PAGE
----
Wednesday, March 16, 2011

Rough Justice

The big kid in this video is a boy named Casey. According to schoolmates he's picked on every day. In this case the aggressor apparently had a friend videotape his bullying so that he could show it to his buddies and gloat over what a tough guy he is. Unfortunately for him Casey finally got tired of it:
There's been much tut-tutting about "all violence being bad" and how Casey "should have told a teacher" that he was being picked on. Nonsense. Not all violence is bad and telling a teacher often doesn't do any good. Sometimes the best response is to humiliate the little punk who was trying to look big at Casey's expense. Maybe next time he'll be a little more hesitant to pick a fight with someone.

No doubt Casey is a hero to every kid who's ever been picked on in school, but incredibly, the school officials suspended Casey. Having been punched in the face he's now serving a suspension for protecting himself. Pretty pathetic.

What Caused God?

Science writer John Horgan acknowledges that scientists haven't a clue as to how living things could have developed out of non-living chemical precursors but, he cautions, those who think that perhaps there was some intelligent agent involved, a God, shouldn't gloat over the enormous implausibility of every naturalistic hypothesis thus far proposed:
Creationists are no doubt thrilled that origin-of-life research has reached such an impasse, but they shouldn't be. Their explanations suffer from the same flaw: What created the divine Creator? And at least scientists are making an honest effort to solve life's mystery instead of blaming it all on God.
Mr. Horgan surely knows better than to offer up such a jejunne objection. If the existence of life seems inexplicable apart from an Intelligent Causal Agent (ICA) then it is no argument against the existence of an ICA that we don't know what caused it.

After all, as Mr. Horgan reminds us, scientists don't know what caused life to exist either, but no one regards ignorance of the cause of life to be a reason not to believe that it does in fact exist.

An ICA is either contingent (i.e. dependent upon something else for its existence) or necessary (not dependent upon anything else; self-existent). Suppose it's contingent. If a contingent ICA exists then the fact that it's contingent matters little for the purposes of the naturalist such as Mr. Horgan. The naturalist wants to deny any non-physical causes operating upon the cosmos. They want to deny that any intelligence was involved in the origin of life. But if such an intelligence was involved it'd be small comfort to the naturalist that that intelligence is itself the product of an even greater cause. Whether there's just one ICA or a series of increasingly greater ICAs doesn't matter. As long as there is at least one ICA the naturalist has lost the argument to the Creationist.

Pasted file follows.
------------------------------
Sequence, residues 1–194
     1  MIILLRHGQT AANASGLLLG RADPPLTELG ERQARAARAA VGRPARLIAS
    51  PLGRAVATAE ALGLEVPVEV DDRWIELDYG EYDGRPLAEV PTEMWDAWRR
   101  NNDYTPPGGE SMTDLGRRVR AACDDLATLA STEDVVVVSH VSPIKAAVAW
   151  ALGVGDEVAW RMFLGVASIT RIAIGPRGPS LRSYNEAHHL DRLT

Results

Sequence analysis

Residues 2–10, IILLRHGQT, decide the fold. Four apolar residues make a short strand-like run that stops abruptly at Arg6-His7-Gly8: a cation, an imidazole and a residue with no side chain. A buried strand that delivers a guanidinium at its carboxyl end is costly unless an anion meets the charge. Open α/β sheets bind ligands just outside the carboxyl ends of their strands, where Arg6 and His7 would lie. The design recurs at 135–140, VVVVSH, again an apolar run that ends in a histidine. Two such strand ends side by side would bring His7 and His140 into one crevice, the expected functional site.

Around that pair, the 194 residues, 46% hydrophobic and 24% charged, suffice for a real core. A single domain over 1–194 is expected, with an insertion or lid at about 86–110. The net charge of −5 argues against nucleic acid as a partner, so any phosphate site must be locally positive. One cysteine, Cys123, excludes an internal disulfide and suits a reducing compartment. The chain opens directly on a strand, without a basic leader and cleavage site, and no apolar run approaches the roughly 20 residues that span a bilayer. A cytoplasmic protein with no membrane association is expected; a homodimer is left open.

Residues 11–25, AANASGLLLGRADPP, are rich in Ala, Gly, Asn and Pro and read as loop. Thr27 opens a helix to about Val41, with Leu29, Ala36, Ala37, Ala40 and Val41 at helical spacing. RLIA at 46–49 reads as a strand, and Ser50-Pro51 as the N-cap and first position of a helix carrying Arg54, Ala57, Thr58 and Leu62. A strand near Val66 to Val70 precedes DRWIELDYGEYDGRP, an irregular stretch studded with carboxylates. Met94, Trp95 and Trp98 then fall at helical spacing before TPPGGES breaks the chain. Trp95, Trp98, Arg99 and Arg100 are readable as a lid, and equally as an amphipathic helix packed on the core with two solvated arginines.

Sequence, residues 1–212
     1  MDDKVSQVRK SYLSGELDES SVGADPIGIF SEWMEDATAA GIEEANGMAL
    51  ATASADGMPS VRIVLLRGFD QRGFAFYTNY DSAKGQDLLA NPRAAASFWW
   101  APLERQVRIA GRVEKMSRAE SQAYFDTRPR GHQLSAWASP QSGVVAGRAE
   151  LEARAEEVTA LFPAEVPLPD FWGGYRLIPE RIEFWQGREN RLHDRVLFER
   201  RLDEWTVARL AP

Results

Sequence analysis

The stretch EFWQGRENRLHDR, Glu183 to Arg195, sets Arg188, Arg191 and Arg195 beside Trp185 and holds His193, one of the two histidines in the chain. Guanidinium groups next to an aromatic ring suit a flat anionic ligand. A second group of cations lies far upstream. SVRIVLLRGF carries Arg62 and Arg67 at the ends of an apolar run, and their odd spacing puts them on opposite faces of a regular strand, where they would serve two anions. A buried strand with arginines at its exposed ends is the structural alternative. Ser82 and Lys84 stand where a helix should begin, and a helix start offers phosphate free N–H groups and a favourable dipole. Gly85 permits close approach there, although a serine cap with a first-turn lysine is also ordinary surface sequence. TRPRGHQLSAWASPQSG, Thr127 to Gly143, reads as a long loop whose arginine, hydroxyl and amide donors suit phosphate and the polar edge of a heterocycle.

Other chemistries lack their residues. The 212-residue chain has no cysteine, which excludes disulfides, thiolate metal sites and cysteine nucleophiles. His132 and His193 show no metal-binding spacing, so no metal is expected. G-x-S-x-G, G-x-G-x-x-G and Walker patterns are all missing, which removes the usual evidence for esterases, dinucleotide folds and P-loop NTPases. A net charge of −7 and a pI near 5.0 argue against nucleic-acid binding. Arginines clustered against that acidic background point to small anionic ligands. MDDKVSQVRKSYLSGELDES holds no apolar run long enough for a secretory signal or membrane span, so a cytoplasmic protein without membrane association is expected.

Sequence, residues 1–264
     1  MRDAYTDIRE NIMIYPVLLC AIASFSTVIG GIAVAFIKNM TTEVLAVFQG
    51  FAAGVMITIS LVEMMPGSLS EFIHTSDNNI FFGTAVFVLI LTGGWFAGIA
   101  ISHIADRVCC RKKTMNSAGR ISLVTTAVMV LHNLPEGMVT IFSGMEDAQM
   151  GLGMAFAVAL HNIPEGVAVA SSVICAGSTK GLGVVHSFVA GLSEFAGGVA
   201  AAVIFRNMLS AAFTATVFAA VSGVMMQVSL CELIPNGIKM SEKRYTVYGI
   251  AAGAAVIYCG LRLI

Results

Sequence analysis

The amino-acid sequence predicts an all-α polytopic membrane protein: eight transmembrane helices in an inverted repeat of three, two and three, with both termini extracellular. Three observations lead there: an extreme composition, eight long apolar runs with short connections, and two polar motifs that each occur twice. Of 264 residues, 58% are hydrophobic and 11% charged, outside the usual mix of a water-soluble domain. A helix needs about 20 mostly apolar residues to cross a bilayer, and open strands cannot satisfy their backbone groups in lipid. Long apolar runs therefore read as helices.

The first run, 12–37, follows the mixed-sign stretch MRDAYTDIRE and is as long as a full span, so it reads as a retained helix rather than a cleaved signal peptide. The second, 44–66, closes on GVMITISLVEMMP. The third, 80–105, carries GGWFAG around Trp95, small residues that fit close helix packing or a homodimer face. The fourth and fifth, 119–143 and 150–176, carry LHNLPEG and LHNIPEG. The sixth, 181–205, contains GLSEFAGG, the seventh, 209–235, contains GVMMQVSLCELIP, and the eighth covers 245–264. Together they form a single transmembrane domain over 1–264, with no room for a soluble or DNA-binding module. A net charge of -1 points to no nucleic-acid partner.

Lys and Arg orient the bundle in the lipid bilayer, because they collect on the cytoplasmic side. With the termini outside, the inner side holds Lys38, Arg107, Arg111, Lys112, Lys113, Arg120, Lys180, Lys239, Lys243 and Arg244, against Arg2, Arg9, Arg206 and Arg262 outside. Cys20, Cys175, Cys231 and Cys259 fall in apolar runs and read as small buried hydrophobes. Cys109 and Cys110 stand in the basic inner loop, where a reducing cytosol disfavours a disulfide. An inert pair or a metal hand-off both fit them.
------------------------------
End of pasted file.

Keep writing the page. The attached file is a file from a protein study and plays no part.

Moreover, if there is a contingent ICA there must be something else which caused it, but as Aquinas points out in the Summa Theologica there cannot be an infinite series of contingent causes. The series must end somewhere, and it can only end with a cause that is itself necessary, self-existent, an uncaused cause of all else that exists.

Furthermore, it's a principle in philosophical and scientific explanation that causes should never be multiplied beyond what's needed to account for a particular effect. The simplest explanation is that there is not an indefinite series of ICAs but rather a single ICA that is the cause of life.

No matter how one looks at it, the question "What caused God?" is either philosophically naive or a rhetorical paper tiger. Mr. Horgan is just whistling past the graveyard by invoking it. He'd be better off just not calling the possibility to his readers' attention.

Don't Give Up on Nuclear Power

I have in the past urged that the U.S. be much more committed to developing nuclear power for domestic energy needs than we have been over the last several decades. Nothing that has happened in Japan in the last few days persuades me that I should change my mind.

So far as I know as I'm writing this no one has died from radiation exposure or has even been exposed to dosages that would be lethal or life-threatening. That may change, of course, but even if it does why should that inhibit us from developing nuclear power? More people die in coal-mining accidents in one year than have died as a result of nuclear contamination, but we don't stop mining coal. Coal causes more long-term health problems in the general population than did the Chernobyl nuclear accident, but we don't stop burning it. Even if the death toll in Japan turns out to be in the hundreds from radiation exposure that many people could die in an airplane crash, but we don't stop flying airplanes. Tens of thousands of people are killed and maimed in auto accidents every year, but we don't stop driving cars. Nor did we stop the space shuttle program after the Challenger and Columbia disasters. Nor should we declare a moratorium on nuclear power.

There are currently three nuke plants under construction in the U.S. and two dozen more in the pipeline. The plants currently under construction are designed to be safer than the Japanese plants, which are forty years old, and much less likely to suffer the perfect storm of circumstances that led to the reactor failures at Fukushima.

We're going to need all the electricity we can generate in the 21st century and windmills aren't going to help much. Let's not make the same mistake we're making with our refusal to drill for offshore oil. Let's continue to develop a power source that, compared to any plausible alternative, is clean and safe.